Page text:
By Jerry A. Coyne
Source: Read full article at Quillette
In his piece ‘Values: Even Secular Ones, Depend on Faith: A Reply to Jerry Coyne,’ John Staddon denies he ever claimed that secular humanism is a religion. Yet in Staddon’s original article, ‘Is Secular Humanism a Religion?,’ which I criticized in my response, ‘Secular Humanism Is Not A Religion,’ his very first sentence is this: “It is now a rather old story: secular humanism is a religion.” Has he already forgotten this?
But forget Staddon’s rewriting of history. In his new piece, he concentrates on one similarity he finds between religious and secular morality—both, he says, are based on faith:
. . . in no case are secular commandments derivable from reason. Like religious “oughts” they are also matters of faith. Secular morals are as unprovable as the morals of religion.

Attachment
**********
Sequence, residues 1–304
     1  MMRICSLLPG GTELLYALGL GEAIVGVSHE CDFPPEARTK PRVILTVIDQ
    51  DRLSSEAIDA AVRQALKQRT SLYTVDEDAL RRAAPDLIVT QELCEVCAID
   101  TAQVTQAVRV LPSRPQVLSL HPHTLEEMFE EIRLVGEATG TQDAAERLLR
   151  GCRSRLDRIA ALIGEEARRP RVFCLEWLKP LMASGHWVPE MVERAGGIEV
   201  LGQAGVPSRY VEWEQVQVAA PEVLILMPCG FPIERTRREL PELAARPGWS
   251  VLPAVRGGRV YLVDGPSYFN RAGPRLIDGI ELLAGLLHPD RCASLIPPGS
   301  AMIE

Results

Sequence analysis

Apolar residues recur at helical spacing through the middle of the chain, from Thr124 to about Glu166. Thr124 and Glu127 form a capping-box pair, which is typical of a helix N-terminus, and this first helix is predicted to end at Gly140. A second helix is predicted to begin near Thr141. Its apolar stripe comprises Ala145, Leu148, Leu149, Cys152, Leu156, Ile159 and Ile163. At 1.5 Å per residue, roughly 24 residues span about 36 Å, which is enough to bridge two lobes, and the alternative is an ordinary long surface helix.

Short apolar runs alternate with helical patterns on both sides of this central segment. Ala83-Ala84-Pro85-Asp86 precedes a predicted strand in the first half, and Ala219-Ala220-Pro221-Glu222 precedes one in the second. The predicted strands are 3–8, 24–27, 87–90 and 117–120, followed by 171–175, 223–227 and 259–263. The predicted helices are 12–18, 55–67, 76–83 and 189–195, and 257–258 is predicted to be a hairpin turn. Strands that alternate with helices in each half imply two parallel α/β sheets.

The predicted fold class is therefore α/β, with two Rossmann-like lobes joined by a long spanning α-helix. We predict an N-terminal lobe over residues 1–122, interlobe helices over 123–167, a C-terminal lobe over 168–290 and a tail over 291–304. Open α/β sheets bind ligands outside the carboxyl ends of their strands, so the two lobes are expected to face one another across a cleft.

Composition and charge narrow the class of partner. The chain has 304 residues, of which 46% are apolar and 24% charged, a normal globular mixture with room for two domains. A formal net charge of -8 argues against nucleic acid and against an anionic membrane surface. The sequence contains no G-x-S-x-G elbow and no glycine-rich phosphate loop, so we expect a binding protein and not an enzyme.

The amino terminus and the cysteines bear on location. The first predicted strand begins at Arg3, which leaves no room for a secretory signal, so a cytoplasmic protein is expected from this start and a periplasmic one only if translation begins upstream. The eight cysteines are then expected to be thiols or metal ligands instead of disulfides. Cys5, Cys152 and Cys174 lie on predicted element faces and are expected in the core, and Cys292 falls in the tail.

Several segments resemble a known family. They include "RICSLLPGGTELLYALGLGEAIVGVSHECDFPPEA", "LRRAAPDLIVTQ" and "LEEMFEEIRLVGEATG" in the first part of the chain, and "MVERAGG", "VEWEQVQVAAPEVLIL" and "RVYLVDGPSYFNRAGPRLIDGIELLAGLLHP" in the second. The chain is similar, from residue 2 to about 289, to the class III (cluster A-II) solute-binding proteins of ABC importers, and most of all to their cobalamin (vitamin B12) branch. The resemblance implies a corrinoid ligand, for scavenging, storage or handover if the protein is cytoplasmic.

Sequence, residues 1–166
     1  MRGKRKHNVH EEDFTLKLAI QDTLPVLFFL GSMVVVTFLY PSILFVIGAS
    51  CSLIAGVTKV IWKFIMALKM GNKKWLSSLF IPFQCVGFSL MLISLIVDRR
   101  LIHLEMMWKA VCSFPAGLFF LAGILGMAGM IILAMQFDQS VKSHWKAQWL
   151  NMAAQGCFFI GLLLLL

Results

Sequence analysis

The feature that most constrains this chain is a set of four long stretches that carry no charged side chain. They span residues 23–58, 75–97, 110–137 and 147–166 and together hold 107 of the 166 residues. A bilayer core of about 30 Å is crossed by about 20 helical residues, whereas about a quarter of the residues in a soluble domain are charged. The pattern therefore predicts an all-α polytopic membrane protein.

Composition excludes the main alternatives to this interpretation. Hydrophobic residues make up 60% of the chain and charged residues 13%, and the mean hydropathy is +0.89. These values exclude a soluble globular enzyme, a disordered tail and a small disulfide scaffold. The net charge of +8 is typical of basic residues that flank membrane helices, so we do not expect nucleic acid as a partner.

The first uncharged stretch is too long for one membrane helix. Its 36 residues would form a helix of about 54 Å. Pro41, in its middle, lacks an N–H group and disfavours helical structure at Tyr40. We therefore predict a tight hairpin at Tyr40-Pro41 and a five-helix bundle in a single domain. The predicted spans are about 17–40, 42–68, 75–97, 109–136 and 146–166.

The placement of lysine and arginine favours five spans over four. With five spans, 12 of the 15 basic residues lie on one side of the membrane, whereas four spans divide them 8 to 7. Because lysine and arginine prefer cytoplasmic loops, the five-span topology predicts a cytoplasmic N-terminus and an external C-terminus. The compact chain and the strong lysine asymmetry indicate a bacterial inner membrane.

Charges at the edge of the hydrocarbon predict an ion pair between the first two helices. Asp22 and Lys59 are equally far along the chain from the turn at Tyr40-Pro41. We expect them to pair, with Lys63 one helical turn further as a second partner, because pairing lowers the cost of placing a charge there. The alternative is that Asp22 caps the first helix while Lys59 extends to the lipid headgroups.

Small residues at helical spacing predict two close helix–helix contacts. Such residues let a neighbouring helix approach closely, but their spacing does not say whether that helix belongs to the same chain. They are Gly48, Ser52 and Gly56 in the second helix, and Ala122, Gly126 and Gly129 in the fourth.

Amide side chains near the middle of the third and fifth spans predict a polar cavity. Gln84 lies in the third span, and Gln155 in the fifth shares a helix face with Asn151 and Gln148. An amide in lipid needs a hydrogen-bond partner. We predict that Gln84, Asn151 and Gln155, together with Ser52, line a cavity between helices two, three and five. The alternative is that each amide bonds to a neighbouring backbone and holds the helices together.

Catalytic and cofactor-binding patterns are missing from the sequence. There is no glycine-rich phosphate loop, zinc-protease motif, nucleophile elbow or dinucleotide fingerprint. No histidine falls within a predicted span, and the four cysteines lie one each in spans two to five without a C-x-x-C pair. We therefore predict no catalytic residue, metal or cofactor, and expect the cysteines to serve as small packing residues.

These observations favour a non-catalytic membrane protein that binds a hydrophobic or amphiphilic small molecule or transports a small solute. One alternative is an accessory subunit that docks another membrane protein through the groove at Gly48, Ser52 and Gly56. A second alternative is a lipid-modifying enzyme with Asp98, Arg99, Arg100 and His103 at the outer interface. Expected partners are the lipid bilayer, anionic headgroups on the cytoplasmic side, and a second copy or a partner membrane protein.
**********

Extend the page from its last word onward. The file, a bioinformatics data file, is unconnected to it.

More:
Nevertheless, he sees religious morals as superior because they rest on religious stories, stories that he admits are myths:
The fact that religious morals are derived from religious stories—myths in Mr. Coyne’s book—does not make them any more dismissible than Mr. Coyne’s morals, which are connected to nothing at all. In his own agnostic terms, all are matters of…